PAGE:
With new pieces in place, Astros rookie skipper must address these intriguing decisions ahead of season

Astros Justin Verlander, Gerrit Cole
Who will take the ball on Opening Day versus Gerrit Cole? Composite Getty Image.

There is a much better indicator that spring is just around the corner than if Punxsutawney Phil doesn’t see his shadow on Groundhog Day. Next week the Astros’ equipment trucks hit the road for beautiful West Palm Beach, Florida. Appropriately for all right-minded folks who love baseball, the Astros’ first workout of spring training is on Valentine’s Day. February 14 is day one for pitchers and catchers with the full squad on the field together for the first time February 19. 38 days later the Astros face Gerrit Cole and the Yankees on Opening Day at Minute Maid Park. Who does new manager Joe Espada hand the ball to start game one of 162 for the Astros? Barring injuries there are only two candidates. Framber Valdez started the opener the last two seasons. Does Espada stick with Valdez as an early show of belief after Framber largely fell apart after the All-Star break last season? Or does he go with Justin Verlander because, well, he’s Justin Verlander? I wouldn’t call it a high drama decision, but interesting nonetheless, and it means we’re talking Astros baseball!

Gratuitous sidebar: Brandon Strange, Josh Jordan, and I are raring to go for a second season of our Stone Cold ‘Stros podcast. Available on YouTube and wherever you get your podcasts.

With due respect to the Astros’ acquisition this week of Trey Cabbage from the Angels’, the big get of the Astros’ offseason was the “Wow!” signing of relief ace Josh Hader. The loss of Kendall Graveman for the season made it clear the Astros needed another quality bullpen arm. It also made it clear that the Astros could not stay under the first Collective Bargaining Tax threshold and with a straight face say they were doing all they could reasonably do going into a season in which they take aim to repeat as American League West Champion, reach an absurd eighth consecutive AL Championship series, and hopefully go beyond. So Jim Crane signed off on the whopping five year 95 million dollar guarantee to Hader. 19 million dollars per season is quite a chunk for a guy who last reached 60 innings pitched in 2019.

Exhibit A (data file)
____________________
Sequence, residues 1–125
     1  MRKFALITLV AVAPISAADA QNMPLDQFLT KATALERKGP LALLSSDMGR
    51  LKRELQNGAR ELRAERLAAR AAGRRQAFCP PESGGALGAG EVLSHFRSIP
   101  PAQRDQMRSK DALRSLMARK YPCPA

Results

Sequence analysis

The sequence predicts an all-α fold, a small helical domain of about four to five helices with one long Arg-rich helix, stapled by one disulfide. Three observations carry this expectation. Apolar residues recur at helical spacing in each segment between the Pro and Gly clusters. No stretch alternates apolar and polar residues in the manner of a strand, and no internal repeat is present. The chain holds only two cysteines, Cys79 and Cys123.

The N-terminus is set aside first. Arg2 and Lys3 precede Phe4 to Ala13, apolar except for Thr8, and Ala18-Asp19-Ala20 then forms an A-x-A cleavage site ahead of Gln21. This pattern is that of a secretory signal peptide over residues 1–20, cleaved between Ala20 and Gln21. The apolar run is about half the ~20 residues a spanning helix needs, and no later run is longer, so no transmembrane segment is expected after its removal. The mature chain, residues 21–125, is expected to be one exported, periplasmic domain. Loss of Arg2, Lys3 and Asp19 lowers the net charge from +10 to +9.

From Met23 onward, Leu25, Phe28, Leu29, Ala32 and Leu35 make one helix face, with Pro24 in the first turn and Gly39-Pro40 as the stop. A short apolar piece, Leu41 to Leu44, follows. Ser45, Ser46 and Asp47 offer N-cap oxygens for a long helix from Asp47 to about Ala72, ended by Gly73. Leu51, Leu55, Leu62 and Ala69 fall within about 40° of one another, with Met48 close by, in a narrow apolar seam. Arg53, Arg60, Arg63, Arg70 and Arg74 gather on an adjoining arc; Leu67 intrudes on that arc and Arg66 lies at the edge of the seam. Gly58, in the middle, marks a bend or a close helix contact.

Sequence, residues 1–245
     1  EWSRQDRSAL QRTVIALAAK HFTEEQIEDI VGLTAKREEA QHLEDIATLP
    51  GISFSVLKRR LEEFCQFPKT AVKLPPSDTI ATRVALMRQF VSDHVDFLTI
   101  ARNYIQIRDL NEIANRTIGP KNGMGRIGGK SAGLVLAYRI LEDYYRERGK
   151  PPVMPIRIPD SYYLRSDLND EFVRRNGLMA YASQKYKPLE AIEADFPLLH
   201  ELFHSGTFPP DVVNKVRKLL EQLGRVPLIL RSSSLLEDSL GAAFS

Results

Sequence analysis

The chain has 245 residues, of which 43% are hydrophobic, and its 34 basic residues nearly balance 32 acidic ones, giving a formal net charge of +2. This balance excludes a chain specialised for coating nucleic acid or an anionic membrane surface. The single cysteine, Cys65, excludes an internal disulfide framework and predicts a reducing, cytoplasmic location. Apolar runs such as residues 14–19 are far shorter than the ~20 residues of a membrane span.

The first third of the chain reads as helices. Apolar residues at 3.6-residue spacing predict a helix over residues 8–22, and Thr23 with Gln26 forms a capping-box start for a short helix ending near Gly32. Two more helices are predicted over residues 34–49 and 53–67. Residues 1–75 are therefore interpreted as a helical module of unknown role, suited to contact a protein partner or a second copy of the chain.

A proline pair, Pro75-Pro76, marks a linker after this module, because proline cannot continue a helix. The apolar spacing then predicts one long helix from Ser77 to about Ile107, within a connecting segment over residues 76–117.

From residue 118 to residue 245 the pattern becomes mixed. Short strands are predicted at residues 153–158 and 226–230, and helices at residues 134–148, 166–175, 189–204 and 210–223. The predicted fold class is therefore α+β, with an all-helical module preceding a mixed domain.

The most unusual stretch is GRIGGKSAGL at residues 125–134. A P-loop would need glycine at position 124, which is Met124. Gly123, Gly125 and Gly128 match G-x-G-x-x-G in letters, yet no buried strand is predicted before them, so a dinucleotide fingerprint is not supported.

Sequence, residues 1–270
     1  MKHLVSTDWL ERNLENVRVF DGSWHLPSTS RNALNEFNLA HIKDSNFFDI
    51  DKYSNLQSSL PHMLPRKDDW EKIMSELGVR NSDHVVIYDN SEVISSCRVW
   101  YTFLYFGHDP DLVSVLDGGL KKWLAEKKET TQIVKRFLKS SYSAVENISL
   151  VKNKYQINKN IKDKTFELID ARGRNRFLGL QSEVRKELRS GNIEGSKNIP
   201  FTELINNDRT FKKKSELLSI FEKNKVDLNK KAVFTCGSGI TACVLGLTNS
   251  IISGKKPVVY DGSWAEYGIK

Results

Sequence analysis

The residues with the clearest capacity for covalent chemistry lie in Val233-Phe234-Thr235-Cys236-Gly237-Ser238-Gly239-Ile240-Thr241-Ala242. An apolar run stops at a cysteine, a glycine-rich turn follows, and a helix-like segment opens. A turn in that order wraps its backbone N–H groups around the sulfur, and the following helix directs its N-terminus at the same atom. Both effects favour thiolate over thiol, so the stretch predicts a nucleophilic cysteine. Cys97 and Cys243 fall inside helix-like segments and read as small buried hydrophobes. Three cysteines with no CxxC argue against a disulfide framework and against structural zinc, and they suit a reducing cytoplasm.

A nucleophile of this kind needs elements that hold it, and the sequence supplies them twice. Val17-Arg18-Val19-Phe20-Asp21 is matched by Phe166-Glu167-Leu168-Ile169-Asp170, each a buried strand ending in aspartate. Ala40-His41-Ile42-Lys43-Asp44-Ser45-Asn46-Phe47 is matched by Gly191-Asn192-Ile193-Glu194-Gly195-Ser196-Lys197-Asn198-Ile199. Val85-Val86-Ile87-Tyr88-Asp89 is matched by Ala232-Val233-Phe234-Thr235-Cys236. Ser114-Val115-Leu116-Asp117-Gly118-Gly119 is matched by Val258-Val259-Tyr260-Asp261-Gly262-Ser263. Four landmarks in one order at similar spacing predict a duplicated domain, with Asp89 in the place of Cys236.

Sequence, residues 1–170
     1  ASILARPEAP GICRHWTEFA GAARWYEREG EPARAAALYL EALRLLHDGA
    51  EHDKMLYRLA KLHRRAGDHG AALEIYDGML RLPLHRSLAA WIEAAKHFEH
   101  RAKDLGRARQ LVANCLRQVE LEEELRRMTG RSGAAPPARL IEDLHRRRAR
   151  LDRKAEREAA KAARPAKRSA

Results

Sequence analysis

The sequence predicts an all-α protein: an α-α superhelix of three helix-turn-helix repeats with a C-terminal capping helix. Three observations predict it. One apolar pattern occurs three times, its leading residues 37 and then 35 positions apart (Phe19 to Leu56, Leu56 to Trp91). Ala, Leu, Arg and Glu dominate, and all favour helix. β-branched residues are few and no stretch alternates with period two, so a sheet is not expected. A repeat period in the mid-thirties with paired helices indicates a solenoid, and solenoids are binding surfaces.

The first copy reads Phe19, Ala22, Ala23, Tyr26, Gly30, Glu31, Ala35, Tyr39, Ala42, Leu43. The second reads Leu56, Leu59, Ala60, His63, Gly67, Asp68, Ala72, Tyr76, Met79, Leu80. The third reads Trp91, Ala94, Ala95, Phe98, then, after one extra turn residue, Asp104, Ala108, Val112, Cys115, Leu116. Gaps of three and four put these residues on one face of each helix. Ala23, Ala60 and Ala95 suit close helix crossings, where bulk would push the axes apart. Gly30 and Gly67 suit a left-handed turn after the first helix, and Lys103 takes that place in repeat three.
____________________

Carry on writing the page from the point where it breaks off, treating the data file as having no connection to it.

Hader joins Ryan Pressly and Bryan Abreu to give the Astros an epic three man back of the bullpen. The comparisons to the Astros' 2003 pen threesome of Billy Wagner, Octavio Dotel, and Brad Lidge are natural and fun to make for those who remember that squad. One key comparison that better not apply eight months from now: the 2003 Astros missed the playoffs. Hader is a tremendous addition but let’s remember that the Astros got a 1.71 earned run average from Hector Neris last season. Hader posted a teeny 1.28 ERA, but it should be noted he pitched in home games at San Diego’s very pitcher-friendly Petco Park. Hader’s ERA at home was 0.31. Not that anyone should be scoffing at his 2.30 road mark. So Hader joining the pen actually doesn’t figure to make the Astros’ big three relievers much better than last season’s performance. The trickle down positive is big though, with questionable relievers (i.e. Rafael Montero, Forrest Whitley) pushed down the bullpen totem pole.

In games they led at the end of six innings last season, the Astros went 72-6. They’re not going to improve much upon that. As frame of reference, in games the Astros trailed after six innings they went 9-54.